The CEO Dassault Trappier on March 25, 2015 said that the negotiation for 126 Rafale aircrafts – 18 in flyaway condition from France and 108 HA-manufactured as part of Transfer of technology (ToT) to India – had been almost finalized. Another contemporaneous development was the creation of the Reliance Defence Enterprise Limited company on March 28, 2015 that has now replaced HAL as Dassault’s IoP to discharge the whopping offset obligations.
Seen through the prism of DPP 2016, the two issues – whittling down the requirement of 126 Rafale aircraft to 36; and RDEL replacing HAL as IoP – strike at the very root of propriety and transparency touted as the government’s USP on procurement from taxpayers’ money. The fact is that none of the three conditions on IGA cited in Para 104 (a), (b), (c) of DPP 2016 needed bolstering. Neither did the IAF identify any need “while participating in joint international exercises”, nor was it “a very large value weapon system/platform… (not) available for transfer or sale”. Nor had the OEM’s government “imposed restriction on its sale” and couldn’t be evaluated on ‘No Cost No Commitment’ basis. Further, Para 6 of Appendix A to Chapter II [referring to Para 3(c) and Para 16 of Chapter II of DPP 2016)] on the Defining attributes of the ‘Buy (Global)’ category inter alia states that when the requirement is of strategic nature and/or of long term nature and “more than one foreign vendors from different countries can provide equipment system platform” it may be ensured to “Include ToT/MToT as necessary”. The Note adds that: ToT in Buy (Global) category cases is essentially to provide the buyer with leverage during negotiations or even post contract stages.
The IGA was hence entirely unwarranted; there was no justification, no need, no necessity for the same. The logic trotted out later is an afterthought – flawed to the core, because it is invalid. What’re the ostensible benefits that the IGA bestows which the earlier proposal didn’t? An IGA announced, by the Head of Government, with the intent to buy 36 Rafale aircraft in flyaway condition is a diplomatic commitment to be honoured. While an IGA isn’t impermissible, what’s surprising is the timing, the culling of the earlier negotiated quantity, with ToT missing, and sans due diligence, and with the IoP changed from an experienced, bespoke DPSU to a fledgling, no-experience, financially-troubled private company.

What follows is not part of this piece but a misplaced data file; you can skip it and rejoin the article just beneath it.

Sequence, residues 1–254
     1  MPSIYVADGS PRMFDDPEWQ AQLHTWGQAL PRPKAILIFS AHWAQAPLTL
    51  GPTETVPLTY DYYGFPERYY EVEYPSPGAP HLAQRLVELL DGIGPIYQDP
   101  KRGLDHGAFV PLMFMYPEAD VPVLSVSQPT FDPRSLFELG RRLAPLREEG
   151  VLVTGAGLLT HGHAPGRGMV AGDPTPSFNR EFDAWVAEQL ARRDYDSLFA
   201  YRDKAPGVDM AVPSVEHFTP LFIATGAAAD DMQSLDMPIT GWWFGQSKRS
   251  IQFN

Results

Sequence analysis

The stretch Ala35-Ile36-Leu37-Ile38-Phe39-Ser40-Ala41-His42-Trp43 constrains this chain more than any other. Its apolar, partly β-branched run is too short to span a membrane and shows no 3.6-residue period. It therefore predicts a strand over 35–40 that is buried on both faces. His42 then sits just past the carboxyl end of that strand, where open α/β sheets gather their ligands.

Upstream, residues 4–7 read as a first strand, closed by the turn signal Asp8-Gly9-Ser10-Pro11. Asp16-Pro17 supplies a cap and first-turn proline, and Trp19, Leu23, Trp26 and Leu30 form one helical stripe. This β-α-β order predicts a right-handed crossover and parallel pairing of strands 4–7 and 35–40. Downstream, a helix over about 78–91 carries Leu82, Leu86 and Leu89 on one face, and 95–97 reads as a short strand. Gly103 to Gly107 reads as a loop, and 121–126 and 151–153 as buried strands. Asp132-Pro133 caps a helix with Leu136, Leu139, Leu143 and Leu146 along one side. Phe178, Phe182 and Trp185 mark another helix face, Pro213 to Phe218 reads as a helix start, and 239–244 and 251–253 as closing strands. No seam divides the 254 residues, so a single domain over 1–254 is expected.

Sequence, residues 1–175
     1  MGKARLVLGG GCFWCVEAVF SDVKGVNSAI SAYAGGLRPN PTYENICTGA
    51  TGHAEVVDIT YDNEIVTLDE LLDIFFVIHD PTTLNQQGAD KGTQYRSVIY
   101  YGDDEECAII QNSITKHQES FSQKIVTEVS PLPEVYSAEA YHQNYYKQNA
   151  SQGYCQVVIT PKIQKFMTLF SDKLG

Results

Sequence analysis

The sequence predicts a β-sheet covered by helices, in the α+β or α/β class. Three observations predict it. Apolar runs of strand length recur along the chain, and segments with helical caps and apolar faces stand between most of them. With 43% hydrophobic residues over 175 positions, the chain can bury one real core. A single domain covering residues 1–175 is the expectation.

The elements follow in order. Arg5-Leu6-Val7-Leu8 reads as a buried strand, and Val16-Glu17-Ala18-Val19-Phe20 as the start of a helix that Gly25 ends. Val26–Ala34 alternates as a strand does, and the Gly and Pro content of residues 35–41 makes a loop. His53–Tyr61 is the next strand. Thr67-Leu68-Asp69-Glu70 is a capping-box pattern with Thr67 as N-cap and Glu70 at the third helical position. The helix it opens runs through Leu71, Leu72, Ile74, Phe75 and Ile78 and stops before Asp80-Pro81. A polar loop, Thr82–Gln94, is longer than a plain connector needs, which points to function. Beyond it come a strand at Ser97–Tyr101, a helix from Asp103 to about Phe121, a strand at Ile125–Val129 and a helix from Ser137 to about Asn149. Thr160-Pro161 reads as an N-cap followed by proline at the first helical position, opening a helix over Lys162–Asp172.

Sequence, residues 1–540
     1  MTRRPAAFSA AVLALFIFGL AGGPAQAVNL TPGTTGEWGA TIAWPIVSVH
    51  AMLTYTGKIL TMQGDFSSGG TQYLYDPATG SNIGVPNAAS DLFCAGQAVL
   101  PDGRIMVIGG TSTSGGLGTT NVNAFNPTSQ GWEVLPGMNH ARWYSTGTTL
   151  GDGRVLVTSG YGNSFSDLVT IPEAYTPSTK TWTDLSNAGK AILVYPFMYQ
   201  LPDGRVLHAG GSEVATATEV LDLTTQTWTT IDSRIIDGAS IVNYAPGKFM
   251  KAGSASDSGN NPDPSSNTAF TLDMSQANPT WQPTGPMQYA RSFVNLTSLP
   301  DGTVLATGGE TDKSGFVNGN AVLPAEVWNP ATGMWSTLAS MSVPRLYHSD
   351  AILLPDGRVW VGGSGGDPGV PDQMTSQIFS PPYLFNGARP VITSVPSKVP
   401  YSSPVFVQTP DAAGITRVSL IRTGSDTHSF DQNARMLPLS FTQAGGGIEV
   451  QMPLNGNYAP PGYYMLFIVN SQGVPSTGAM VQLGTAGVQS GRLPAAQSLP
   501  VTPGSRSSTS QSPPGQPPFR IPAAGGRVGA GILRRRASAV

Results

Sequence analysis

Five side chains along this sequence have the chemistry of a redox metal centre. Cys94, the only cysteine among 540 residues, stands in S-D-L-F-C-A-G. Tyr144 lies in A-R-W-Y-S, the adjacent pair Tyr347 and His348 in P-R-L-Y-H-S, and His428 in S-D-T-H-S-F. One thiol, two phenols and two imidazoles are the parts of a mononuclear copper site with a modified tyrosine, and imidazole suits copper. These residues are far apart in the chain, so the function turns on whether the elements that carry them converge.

Blitz through the timelines post-IGA announcement, corral the acts, join the dots and the picture raises still more concerns. On April 24, 2015 the Reliance Defence Ltd. forms a subsidiary company called Reliance Aerostructure Ltd; on July 30, 2015 MoD scraps the earlier deal that was 7 years in the making and had reached finality by early 2014 – a year since the new government had taken charge – to make way for the IGA-inspired deal; on August 5, 2015 amendment in offset guidelines brings in benefits for Dassault to give its IoP details at a later date than at the time of contract-signing. The government allows 49% FDI through automatic route in June 2016, meaning no need for prior approval for investing in India’s defence sector, thereby facilitating formation of a joint venture, DRAL, in October 2016 by Reliance Aerostructure Ltd. (51%) and Dassault Aviation (49%). The CCS accords approval on August 24, 2016 and the IGA signs the agreement on September 23, 2016. The telltale marks seem remarkably, even divinely, ordained!
Yet amid the cacophony, few procurement fundamentals need highlighting. When must an IGA be signed: at the initial stage so that the seller dictates terms on the buyer; or after negotiations so that the buyer achieves the most economical purchase? Box this with the 7-year long efforts and the number of aircrafts, and the ToT terms. Not to ignore that an IGA grants pricing advantage via its sovereign guarantee by doing away with the bank guarantee liability that the seller loads in its offer. Did the IGA-inspired deal benefit from this? No answer is forthcoming.
(The writer is retired financial advisor (defence services) in the defence ministry. Views are personal )